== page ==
Cross-border Mergers and Acquisitions (M&A) allow companies to broaden their operations beyond their home country. Such Mergers and Acquisitions take place when the acquiring and acquired companies are functionally related in production and/or distribution but sell products that do not compete directly with one another or when a corporation desires to diversify geographically, like when two companies create the same product but sell it in different areas. Businesses engage in this form of M&A to fulfill their long-term strategic objectives, and one common motivation is to get the scale and efficiencies needed to compete on a global scale in less developed markets. Success in a merger or acquisition aimed at expanding a company’s product line or market presence is correlated with the size and M&A experience of the two companies involved.

Due diligence 

The due diligence stage begins once a target company has been selected, and company executives begin communicating with one another to share financial and legal data that will help them weigh the pros and cons of a proposed merger. The present moment is ideal for learning about the culture of the prospective company and comparing it with that of the current business. Since the two companies had similar views on corporate principles and ethics, merging them was a breeze. Therefore, cultural due diligence should play a pivotal role in the M&A process during the due diligence phase. It is critical to ensure that cultural assessment is not forgotten throughout an M&A process by including experts in human resources or organizational development on the M&A team. M&A teams should conduct interviews or use a cultural assessment tool to evaluate the culture of firms they are contemplating acquiring proactively. Critical insights into potential synergies and areas of conflict that can arise throughout the cultural integration endeavour can be gained by understanding how the firms’ executives and employees set plans and goals, engage with the marketplace, and reward behaviours. It is crucial currently to do proper homework on the cross-border management skills of both companies. Cross-border acquisitions often change from absorption to reverse acquisition in the acquired firm’s native country. Those in charge at corporate headquarters may misunderstand the significance of on-the-ground operations in establishing the company’s credibility and reputation in the new market because they are focused on abstract concepts like ownership or the implementation of standard operating procedures across all locations.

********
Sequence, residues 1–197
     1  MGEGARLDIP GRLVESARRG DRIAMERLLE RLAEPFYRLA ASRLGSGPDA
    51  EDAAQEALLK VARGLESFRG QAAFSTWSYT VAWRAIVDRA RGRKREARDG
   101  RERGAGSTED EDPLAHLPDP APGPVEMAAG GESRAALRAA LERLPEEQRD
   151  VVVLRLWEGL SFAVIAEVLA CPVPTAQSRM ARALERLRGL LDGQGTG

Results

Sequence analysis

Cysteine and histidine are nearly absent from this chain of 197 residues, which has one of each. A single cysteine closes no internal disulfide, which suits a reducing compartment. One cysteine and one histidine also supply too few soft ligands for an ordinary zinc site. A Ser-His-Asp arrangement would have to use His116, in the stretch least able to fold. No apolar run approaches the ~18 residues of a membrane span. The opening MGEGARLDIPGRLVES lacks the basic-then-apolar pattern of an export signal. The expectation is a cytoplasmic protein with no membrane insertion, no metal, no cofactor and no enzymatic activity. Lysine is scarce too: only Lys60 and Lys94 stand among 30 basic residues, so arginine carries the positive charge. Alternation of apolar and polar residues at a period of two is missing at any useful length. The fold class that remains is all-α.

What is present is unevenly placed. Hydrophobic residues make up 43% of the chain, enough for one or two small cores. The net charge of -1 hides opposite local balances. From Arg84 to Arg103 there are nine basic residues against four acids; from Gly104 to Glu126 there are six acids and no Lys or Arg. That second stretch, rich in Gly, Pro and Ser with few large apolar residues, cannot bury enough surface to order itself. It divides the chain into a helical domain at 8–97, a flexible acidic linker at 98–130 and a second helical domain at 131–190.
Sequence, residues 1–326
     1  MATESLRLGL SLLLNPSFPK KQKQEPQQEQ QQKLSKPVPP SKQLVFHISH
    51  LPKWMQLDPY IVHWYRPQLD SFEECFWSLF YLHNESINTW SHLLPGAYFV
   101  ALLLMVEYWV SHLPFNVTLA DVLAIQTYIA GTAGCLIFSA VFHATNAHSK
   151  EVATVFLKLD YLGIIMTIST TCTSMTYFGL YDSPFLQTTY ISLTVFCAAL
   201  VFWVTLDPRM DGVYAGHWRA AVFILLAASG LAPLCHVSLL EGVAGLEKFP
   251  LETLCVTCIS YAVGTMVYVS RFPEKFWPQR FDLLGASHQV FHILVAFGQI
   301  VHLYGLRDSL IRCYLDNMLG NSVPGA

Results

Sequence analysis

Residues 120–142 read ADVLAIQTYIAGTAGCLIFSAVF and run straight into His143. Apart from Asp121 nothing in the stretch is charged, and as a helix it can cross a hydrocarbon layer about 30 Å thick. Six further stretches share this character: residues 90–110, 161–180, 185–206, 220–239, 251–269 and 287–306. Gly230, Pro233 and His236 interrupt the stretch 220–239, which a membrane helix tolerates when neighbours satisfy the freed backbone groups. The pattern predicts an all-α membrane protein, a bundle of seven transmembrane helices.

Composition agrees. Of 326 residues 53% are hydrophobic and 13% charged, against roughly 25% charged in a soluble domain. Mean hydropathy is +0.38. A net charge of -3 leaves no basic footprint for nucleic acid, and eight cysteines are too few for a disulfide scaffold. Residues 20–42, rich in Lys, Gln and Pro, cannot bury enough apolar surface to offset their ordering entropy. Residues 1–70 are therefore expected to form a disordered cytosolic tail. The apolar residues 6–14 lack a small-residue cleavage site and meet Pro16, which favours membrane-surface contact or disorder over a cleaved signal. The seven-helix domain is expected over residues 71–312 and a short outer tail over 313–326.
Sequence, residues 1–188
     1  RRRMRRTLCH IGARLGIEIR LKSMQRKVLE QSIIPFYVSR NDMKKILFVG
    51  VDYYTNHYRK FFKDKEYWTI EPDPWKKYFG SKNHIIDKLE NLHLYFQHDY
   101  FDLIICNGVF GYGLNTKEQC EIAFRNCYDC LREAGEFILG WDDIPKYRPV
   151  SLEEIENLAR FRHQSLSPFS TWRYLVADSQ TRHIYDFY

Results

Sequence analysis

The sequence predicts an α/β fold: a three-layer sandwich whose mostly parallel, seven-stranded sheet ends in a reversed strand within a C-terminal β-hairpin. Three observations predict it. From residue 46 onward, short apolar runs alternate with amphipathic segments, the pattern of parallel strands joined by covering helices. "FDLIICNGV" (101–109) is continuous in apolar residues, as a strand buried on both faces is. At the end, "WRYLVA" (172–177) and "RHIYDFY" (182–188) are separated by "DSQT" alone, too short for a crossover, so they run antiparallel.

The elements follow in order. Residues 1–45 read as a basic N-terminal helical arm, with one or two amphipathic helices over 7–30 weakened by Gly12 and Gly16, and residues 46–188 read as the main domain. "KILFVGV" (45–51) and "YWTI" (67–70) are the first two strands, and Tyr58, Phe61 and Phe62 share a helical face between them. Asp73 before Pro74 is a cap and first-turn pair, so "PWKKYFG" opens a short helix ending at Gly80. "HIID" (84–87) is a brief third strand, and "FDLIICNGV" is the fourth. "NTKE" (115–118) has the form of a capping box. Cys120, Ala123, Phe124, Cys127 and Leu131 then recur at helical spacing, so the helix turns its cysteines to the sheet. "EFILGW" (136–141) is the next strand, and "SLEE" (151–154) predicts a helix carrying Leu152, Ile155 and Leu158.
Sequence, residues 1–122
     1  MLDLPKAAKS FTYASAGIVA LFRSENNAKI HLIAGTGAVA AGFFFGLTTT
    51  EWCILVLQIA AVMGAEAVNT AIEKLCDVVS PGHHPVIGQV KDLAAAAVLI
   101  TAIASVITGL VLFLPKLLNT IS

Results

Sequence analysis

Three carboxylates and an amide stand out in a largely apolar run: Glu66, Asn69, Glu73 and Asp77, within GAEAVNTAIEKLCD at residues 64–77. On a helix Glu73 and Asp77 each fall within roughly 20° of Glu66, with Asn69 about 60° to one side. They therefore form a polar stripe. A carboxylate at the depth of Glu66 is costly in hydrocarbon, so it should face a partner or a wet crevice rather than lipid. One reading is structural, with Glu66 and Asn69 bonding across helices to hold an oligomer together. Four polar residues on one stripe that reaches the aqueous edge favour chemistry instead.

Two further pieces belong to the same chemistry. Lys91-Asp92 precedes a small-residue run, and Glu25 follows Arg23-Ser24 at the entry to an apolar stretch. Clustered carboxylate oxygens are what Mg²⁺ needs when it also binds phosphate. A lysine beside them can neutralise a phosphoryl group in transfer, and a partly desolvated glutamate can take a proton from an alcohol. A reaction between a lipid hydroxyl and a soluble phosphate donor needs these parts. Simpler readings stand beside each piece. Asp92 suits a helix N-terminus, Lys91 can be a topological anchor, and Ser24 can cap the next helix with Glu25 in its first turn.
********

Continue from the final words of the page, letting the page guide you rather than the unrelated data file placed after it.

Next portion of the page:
Substitute for research & development

When companies with cutting-edge R&D or technological know-how are purchased rather than developed in-house, typically, larger, more seasoned companies are the ones doing the acquiring in a reverse merger. In place of research and development (R&D), M&As must keep valuable human resources and accumulated knowledge. Because entrepreneurial people often feel limited by the bureaucratic structure of the acquiring organization, adjusting the newly formed entity’s processes and values is a complex undertaking. The success of this type of international merger or acquisition hinges on the degree of integration achieved by the acquired firm and the adaptability of the acquiring company. Integration issues arise only in certain fields.

Potential target